By Lisa Rozner

NEW YORK (CBSNewYork) – The New York City Council took a step forward to regulate ride-sharing mopeds Wednesday.

It comes almost a year after three riders died in accidents, including our beloved CBS2 colleague Nina Kapur.

READ MORE: New Jersey Gov. Phil Murphy, Republican Candidate Jack Ciattarelli Face Off In Fiery Debate

As CBS2’s Lisa Rozner reports, summer 2020 saw countless incidents involving Revel moped riders on sidewalks, highways where they’re not allowed and not wearing helmets.

The company fined and suspended some riders and, after three fatal incidents, even shut down for a month, but the city had no authority to tell the company how to operate.

Wednesday, the council passed legislation changing that.

“We all remember the tragic death of CBS reporter Nina Kapur. This shows us how important it is to get this right,” City Council Speaker Corey Johnson said.

The moped safety and oversight bill prohibits the operation of a moped sharing company without the city Department of Transportation’s approval.

It also requires that the company to register each moped in their fleet with the city.

The mopeds cannot exceed 30 miles per hour, and it requires the company monitor helmet use.

Revel currently mandates users take a selfie with the helmet on before starting the ride.

Lime, which launched 100 mopeds on city streets in April, has a similar requirement that utilizes sensors and artificial intelligence.

READ MORE: Teacher Stephanie Edmonds On Why She's Not Getting The COVID Vaccine, Despite Mandate: 'The Hardest Decision I've Ever Made'

“So we’ll know if one of our riders is wearing a helmet or not. We also have in-board helmet sensors in the helmet box,” said Phil Jones, Lime’s senior director for government relations.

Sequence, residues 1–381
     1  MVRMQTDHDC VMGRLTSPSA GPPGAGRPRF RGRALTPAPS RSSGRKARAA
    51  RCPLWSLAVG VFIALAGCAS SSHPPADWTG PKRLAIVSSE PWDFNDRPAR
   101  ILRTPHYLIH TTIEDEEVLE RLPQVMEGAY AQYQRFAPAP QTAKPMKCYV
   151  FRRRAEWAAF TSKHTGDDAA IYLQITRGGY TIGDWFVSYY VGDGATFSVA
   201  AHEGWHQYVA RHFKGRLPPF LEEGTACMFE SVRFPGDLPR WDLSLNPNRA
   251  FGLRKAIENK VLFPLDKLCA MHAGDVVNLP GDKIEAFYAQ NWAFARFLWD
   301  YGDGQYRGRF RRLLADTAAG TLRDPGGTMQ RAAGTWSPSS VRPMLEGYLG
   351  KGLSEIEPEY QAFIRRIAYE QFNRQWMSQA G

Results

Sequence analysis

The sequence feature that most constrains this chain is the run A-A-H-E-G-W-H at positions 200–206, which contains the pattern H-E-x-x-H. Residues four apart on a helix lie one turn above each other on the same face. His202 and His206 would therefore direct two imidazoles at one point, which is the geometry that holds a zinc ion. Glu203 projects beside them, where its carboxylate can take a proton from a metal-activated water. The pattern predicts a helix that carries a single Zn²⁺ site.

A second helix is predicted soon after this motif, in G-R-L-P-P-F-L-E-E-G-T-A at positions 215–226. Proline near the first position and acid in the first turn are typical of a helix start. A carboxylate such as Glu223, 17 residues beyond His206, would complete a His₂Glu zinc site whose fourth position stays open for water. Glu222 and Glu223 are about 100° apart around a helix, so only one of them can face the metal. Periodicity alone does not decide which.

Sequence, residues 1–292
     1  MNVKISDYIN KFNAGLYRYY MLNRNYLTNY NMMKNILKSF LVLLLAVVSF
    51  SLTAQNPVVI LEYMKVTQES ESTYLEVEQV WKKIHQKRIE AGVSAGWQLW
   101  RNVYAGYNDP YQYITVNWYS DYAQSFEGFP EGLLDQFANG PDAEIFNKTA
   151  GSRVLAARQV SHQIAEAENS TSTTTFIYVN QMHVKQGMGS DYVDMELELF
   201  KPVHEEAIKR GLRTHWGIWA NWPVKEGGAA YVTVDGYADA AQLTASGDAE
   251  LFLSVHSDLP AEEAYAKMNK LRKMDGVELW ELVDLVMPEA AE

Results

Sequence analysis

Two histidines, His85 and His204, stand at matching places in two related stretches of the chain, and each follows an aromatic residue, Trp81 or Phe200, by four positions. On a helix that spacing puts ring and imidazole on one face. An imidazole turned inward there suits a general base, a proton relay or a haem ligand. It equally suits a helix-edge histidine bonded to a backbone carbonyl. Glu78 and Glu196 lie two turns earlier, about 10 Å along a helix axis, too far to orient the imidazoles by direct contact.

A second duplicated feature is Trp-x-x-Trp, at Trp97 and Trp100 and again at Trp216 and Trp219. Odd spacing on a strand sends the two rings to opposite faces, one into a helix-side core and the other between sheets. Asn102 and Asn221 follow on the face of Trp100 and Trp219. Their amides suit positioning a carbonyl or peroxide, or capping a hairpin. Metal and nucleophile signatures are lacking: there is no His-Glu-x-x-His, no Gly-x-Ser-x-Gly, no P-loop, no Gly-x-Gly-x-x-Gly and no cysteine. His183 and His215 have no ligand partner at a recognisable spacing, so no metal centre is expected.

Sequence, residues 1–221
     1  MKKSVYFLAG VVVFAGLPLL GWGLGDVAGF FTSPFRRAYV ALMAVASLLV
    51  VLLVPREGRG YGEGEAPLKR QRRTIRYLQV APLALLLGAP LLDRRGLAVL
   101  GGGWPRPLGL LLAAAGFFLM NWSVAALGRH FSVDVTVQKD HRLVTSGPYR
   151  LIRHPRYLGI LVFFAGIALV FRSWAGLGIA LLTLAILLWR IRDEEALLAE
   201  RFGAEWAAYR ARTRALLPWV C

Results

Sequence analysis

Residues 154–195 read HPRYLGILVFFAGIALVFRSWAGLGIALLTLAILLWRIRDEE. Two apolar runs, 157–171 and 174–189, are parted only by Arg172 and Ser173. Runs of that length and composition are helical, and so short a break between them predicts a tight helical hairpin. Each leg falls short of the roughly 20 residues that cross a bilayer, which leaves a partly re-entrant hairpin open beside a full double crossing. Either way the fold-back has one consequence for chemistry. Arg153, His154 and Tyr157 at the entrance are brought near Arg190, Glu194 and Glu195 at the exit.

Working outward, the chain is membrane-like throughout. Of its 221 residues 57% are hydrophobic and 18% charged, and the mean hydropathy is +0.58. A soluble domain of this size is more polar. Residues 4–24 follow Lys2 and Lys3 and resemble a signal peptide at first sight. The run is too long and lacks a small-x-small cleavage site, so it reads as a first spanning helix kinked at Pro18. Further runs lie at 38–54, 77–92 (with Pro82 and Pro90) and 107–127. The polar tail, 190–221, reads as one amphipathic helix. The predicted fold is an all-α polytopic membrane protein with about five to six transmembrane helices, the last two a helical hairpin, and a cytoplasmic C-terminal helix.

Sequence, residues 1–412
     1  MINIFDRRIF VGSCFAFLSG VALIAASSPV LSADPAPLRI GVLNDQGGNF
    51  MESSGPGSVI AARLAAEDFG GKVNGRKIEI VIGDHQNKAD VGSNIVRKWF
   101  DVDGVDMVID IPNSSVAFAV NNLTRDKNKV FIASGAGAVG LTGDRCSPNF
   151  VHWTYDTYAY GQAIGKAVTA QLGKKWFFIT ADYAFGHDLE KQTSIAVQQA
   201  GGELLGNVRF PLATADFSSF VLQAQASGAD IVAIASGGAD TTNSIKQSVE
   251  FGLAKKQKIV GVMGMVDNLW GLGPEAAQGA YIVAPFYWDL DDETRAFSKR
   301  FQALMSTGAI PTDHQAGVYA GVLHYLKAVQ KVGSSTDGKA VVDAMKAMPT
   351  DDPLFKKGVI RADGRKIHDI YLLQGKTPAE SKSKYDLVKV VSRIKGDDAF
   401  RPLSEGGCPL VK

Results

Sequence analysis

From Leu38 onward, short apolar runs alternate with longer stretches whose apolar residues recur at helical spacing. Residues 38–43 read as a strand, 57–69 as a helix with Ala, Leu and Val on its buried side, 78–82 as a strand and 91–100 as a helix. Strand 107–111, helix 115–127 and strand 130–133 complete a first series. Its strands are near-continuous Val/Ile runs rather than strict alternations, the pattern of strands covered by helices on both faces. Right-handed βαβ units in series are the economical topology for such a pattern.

But still, it is very easy for anyone to take out a moped. All you need is a driver’s license

Both Revel and Lime mandate users take an online safety quiz before their first ride. In-person lessons are free but optional.

Even last summer, Mayor Bill de Blasio suggested it was the lack of training that created a dangerous environment.

“Folks are using something that in many ways is like a motorcycle without having to have a license like you need to with a motorcycle,” he said at the time.

City Council transportation chair Ydanis Rodriguez initially proposed rider permits but said only the state can mandate that.

As for whether the city should require in-person training, he said, “Yes, I hope that we will be able to expand it. I think that this is a good beginning.”

A Revel spokesperson said, “We are pleased the Council has approved this legislation and that the City can proceed with its official rulemaking process. In the interim, we will continue to work closely with NYCDOT to provide transportation access to the 400,000 New Yorkers who rely on Revel to get around their city.”

In response to the legislation, a Lime spokesperson said, “We’re glad the council is focused on improving the safety of this increasingly popular transportation service. We’ve received interest from some members on measures that Lime was first to implement, including real-time helmet detection technology and helmet case sensors, which we hope can help set a new standard for the industry. If moped sharing is going to succeed in New York City, providers will need to work collaboratively with City leaders and regulators, and ensure that safety is not an afterthought, but rather the foundation from which everything else follows. We look forward to working with NYC DOT on ensuring the safety of all riders and road users.”

Lime plans to expand its fleet of 100 mopeds in Brooklyn, Queens and Manhattan to 500 in the coming weeks.

MORE NEWS: Hispanic Heritage Month: Ponce Family Passes Down Musical Art Of Mariachi Through Generations

The DOT says it’ll begin creating rules for ride-sharing moped companies in the coming months. The law takes effect in 120 days.